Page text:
So oh well.

What I wanted was a layout where the five background colors were well distributed; as in, no repetition of any color in any given row or column. That much wasn't too hard to achieve, but I ended up with big diagonal runs of several colors and, since I didn't want to to full-on diagonals, I needed to get rid of the nascent stripes.

However, moving ten pieces every time I wanted to swap two blocks got old fast, to say nothing of the times I needed to rotate three blocks or some such thing, so I Googled "magic square" to see if I could just find a formula for a good distribution of five variables in a 5x5 grid.

But it turns out that's not what a magic square is.

So I went back to figuring it out for myself, but this time in a more portable format:

This layout does have three mini-diagonals, where two blocks of the same color are touching at a corner, but every time I tried to get rid of them I just ended up back where I started, so I decided that my Type A side had gotten more than enough play and I went ahead and rearranged the actual blocks to correspond to that layout. (White is Orange and Green is Purple. War, however, is still not Peace.)

Once I was satisfied with the distribution of background colors, the blocks themselves had been shuffled, losing their original layout, so I needed to rearrange them to improve the distribution of color and value across the quilt. At that point, I had already assigned each block to a background color, so I could only switch a given block with one of the four others that shared its border color.

With fewer choices, it wasn't too hard to arrive at a decent distribution. I put some of the visually "heavier" blocks out toward the edges, and ended up arranging the blocks that had white or tan backgrounds in a kind of sweeping curve. Well, I can see it.

Once I had the layout all planned, I started sewing the borders onto each block. Aside from having to reverse engineer one of the seams in the very first block, and another one in the very last block, applying the borders was actually very straightforward.

Squaring up the blocks and trimming them to a uniform size was less so, at least at first. But fortunately after taking excruciating care and quadruple-checking every aspect of the first two or three, I got the hang of it and was able to trim the rest without incident.

Except for the two or three blocks with three-dimensional embellishments. The picture below shows the actual system I had to use to measure and trim this lovely block - there were no fewer than four rulers involved, but in the end it worked out:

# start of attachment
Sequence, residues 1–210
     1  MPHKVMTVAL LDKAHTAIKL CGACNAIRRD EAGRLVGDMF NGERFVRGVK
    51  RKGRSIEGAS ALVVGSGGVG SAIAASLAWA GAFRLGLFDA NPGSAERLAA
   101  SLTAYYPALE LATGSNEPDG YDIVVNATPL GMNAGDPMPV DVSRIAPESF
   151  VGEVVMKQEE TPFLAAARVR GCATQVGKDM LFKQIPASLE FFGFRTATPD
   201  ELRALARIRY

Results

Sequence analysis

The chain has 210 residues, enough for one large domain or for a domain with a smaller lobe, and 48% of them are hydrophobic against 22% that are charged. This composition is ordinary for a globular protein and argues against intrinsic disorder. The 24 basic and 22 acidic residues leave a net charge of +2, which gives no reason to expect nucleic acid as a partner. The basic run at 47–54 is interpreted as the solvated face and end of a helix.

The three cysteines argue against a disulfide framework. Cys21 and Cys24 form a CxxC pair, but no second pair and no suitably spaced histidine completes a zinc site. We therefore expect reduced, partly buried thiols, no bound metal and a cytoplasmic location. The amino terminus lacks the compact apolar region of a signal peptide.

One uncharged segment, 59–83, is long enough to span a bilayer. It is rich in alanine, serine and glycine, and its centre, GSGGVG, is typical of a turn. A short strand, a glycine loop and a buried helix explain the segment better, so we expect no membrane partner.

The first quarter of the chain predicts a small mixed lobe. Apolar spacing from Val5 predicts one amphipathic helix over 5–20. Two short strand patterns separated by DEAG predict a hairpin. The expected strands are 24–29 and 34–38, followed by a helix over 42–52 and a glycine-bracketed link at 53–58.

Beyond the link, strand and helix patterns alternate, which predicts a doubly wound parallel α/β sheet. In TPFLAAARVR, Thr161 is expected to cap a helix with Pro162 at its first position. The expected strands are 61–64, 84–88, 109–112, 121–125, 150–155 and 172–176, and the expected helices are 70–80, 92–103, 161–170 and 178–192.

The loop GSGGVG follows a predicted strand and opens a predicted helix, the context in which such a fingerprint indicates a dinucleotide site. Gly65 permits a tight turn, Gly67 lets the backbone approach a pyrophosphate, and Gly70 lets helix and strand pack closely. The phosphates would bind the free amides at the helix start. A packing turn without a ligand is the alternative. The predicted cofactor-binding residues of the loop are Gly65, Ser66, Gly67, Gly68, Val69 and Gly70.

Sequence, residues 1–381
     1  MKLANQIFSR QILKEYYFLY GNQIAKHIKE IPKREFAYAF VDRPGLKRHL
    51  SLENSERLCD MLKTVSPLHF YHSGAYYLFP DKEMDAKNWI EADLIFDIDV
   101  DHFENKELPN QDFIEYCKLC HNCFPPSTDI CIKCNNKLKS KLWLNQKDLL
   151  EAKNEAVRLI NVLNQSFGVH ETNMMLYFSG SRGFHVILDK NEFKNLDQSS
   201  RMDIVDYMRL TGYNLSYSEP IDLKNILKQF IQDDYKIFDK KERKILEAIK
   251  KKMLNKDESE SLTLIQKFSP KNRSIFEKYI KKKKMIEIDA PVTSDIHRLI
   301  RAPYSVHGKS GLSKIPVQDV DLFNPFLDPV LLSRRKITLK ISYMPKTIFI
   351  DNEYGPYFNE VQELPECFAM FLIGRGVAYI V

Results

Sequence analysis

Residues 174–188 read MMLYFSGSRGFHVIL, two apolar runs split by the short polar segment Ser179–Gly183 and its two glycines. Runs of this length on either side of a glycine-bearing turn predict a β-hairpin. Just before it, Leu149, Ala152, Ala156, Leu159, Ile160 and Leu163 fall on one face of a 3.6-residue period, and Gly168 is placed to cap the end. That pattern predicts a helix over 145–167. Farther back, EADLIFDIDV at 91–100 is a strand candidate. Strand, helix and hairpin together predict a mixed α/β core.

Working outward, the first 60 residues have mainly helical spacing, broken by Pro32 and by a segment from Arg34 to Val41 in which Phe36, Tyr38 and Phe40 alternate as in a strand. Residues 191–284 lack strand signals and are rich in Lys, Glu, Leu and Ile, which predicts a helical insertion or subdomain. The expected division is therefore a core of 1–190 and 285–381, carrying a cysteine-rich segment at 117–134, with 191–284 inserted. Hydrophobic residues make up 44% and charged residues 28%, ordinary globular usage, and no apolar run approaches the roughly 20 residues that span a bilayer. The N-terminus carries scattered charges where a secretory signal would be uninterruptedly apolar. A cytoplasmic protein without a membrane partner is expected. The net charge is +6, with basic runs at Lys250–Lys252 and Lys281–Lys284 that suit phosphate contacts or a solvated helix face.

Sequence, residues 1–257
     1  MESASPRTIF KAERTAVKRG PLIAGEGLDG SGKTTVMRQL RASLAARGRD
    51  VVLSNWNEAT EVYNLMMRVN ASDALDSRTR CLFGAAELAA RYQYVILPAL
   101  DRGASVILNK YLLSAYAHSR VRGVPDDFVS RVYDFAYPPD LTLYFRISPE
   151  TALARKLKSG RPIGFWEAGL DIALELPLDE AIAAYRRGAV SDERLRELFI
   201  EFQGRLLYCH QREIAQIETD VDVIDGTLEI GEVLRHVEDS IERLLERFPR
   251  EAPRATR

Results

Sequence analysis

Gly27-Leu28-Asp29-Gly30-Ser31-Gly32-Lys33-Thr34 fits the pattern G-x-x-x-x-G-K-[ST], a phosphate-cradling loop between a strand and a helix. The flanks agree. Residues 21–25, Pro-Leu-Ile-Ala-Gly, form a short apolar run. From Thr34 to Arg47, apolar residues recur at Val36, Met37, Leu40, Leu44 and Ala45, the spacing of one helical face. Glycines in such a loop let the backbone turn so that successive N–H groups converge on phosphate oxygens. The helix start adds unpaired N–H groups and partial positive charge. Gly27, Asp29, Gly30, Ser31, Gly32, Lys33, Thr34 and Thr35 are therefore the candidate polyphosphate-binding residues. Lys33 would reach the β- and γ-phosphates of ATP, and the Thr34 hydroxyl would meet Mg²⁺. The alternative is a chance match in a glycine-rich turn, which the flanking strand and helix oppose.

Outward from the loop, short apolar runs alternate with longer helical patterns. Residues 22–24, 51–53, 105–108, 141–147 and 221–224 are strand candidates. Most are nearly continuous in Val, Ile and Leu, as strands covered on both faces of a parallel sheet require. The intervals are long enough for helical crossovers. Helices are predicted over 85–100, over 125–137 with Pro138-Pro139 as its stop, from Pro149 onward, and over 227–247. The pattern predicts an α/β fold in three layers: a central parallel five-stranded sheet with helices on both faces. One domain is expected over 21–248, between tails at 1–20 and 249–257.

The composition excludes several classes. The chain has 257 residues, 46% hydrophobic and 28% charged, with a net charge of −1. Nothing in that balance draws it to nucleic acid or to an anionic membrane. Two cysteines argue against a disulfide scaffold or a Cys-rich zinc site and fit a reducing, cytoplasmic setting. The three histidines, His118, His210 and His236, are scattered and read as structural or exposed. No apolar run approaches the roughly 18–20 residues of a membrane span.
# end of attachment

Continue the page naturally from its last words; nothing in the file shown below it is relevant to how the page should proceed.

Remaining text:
Once trimmed, I arranged the blocks back on the wall and, once again, decided that this quilt really doesn't want sashing. But since I had the sashing fabric right there, I figured I would lay the blocks on top of it just to be sure.

Here's what it would look like (more or less) if I used the yellow sashing fabric as planned:

And, just to be sure, I even laid them out on the green/blue-green fabric that was intended for an outer border. Nope, that doesn't work either:

So it was confirmed that this quilt most decidedly does not want sashing. Tomorrow I'll sew the blocks directly together, which will look something like this:

Oh, and too? Scraps are pretty.

(Remind you of anything?)

Wednesday, May 16, 2007

Presidential material

Advice to non-quilters: You can pretty much skim this one. Read the first & last paragraphs of the post, as well as the paragraph before each photo and you'll know as much as you probably care to.

Our quilt guild is a new organization, just beginning its second year. As the first president neared the end of her year, she mentioned what I know is a tradition for many guilds: each member makes a quilt block for the outgoing president. In some groups, the president sets the blocks together herself, or uses them in some other way. I know one who requested blocks in a traditional house pattern she liked. She made herself a jacket out of the blocks, and called it her "House Coat," naturally.

Anyway, in our case the outgoing president did not select a particular block design, requesting only that the blocks feature the bright colors she is known to favor. Of course a size was specified, and at each meeting we reminded the members about the size, the colors, and the deadline.

We are going to actually construct the quilt, rather than just giving Carolyn the blocks, and somehow I found myself offering to put the top together. Knowing that the blocks would not really be the specified size (they never are), I had a thought about a setting that could compensate for differing block sizes, and I wanted to try it.

We received 25 blocks in all. Unfortunately, I figured I would wait and make mine when I was putting the whole thing together, and having 25 makes me want to maybe not make one myself. I do have a placeholder fabric I can add in order to round up to a suitable number of blocks, but it sure is tempting to stick with a 5x5 layout and let the assembly of the top count as my contribution, thereby avoiding the piecing of a whole sixth row just for the sake of including a block of my own.

Today I laid out the blocks - many of which don't really feature the bright colors requested - and tried to balance out the colors and shades that we do have.

Here's what I came up with:

Yesterday at our board meeting we selected five bright fabrics that I will use to frame each block before assembling the top. These individual block borders will have several jobs:

  • The five fabrics will start to tie things together by introducing some consistency among all this diversity.
  • The colors will help brighten up the whole, since a lot of the contributors didn't seem to be comfortable using the bright colors requested.
  • And, most critically in practical terms, the borders will compensate for the irregular sizes, since the blocks can't be sewn together unless they are all the same size.